Mr. Jordan laughed when this was recounted to him and said that this account was “not true.” He suggested that we had heard the punch line of a joke he had told about the First Lady that he had made at a dinner. “I had said, ‘I hope she wins, otherwise I might have to call Revlon.’ But that’s an old story.”
When The Transom replied that we were certain of the setting of the line, Mr. Jordan said: “I’m not aware of that.”
Mr. Jordan said he was also not aware of any unhappiness on the part of his new partners at Lazard following a story that broke in The Washington Post on Jan. 22. At first, some of Mr. Jordan’s Lazard colleagues were annoyed that his compensation was kept secret from the firm’s other partners, especially in light of a policy of openness among partners that has been in effect at the firm for the last couple of years.
That annoyance was heightened when Mr. Jordan’s actual salary was uncovered. According to the Post , Lazard had agreed to pay Mr. Jordan $5 million a year for five years, plus a housing allowance toward his suite at the Regency (a two-bedroom number at the Regency generally rents for $18,000 to $28,000 a month), plus any bonus that he may be awarded based on performance. (Sources familiar with the situation told The Transom that $5 million a year is the least that Mr. Jordan can earn).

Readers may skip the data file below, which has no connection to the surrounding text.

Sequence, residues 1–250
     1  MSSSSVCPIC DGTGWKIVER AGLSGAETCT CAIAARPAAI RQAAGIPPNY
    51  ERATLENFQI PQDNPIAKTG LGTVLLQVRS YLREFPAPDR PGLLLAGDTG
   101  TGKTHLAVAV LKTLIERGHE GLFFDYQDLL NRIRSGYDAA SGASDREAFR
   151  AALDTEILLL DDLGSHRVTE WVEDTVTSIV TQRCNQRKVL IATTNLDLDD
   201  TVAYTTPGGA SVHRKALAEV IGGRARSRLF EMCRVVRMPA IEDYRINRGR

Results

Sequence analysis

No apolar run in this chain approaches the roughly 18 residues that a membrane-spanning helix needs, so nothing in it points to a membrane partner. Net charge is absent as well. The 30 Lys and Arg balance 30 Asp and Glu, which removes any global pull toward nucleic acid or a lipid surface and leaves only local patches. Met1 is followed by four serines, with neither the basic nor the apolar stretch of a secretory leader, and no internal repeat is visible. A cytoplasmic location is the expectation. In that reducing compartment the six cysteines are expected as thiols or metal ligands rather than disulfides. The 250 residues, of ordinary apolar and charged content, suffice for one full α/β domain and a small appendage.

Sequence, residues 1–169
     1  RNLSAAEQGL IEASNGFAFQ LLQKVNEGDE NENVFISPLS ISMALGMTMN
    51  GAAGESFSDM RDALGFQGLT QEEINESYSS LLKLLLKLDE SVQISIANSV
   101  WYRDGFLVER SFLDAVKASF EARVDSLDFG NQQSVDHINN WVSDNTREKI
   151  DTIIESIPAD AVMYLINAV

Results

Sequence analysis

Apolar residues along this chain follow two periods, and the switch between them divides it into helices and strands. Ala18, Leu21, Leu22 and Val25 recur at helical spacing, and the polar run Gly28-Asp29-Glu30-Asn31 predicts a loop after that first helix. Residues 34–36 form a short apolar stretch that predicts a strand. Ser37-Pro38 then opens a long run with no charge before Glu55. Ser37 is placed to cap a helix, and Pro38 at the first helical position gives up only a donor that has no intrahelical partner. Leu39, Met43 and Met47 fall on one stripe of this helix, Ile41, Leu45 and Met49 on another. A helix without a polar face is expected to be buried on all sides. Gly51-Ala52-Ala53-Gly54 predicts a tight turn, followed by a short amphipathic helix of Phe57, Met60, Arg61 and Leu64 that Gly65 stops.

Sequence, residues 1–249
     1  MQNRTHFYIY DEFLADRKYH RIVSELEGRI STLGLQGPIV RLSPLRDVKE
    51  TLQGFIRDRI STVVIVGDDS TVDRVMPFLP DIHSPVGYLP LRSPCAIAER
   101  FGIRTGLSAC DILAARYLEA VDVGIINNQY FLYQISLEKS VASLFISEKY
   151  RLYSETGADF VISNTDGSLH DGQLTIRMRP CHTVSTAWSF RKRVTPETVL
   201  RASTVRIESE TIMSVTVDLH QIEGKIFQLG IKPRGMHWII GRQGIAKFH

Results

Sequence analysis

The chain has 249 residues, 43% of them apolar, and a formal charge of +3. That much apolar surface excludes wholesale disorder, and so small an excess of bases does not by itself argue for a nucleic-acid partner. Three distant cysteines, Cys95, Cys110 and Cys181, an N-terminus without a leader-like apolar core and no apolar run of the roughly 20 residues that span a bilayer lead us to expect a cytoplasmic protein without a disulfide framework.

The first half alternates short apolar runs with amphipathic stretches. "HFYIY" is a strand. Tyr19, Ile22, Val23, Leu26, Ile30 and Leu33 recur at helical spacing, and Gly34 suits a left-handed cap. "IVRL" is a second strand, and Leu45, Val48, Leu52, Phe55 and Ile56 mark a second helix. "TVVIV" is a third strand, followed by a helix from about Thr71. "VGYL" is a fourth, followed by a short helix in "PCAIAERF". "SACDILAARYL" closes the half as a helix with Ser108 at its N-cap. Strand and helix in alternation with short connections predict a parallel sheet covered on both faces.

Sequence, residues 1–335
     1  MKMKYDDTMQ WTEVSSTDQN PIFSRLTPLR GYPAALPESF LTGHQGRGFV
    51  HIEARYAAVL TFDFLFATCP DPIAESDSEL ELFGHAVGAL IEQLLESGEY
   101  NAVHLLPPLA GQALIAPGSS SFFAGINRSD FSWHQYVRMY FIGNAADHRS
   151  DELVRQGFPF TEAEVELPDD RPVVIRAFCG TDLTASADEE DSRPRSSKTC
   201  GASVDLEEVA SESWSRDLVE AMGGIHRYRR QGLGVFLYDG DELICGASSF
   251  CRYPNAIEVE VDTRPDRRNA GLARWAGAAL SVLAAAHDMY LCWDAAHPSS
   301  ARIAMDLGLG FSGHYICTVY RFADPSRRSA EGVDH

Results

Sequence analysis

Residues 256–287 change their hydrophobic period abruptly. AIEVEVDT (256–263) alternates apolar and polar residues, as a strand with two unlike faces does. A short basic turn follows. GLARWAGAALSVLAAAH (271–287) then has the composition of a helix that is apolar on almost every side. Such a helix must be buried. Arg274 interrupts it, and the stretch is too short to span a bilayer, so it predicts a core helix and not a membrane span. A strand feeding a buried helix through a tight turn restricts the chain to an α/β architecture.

Apparently, this figure is slightly above average as Lazard salaries go, and rather unusual for someone like Mr. Jordan who has virtually no investment banking experience.
Mr. Jordan would not comment on his salary package. “You know, I’m not in the Congress. I’m not running for office, so I don’t think it’s anybody’s business,” he said. He did add, however, “I am not aware of any unhappiness. I have gotten marvelous cooperation here. It’s my judgment that we’re just moving on and doing our business.”
When asked about his lack of experience in the field, Mr. Jordan replied: “What do you mean my expertise is not in that? I can read, and I can add and subtract and multiply.” Asked if he will specialize in any type of investment banking, he said: “I will probably be just as I was as a lawyer: a generalist, all over the place.”
In other words, Mr. Jordan has always tended to cover all the bases, except, some contend, when it comes to the coming Presidential race. Sources connected to Mr. Gore’s Presidential effort note that, in contrast to his closeness to Mr. Clinton, Mr. Jordan, a Democrat, has little relationship with Vice President Gore.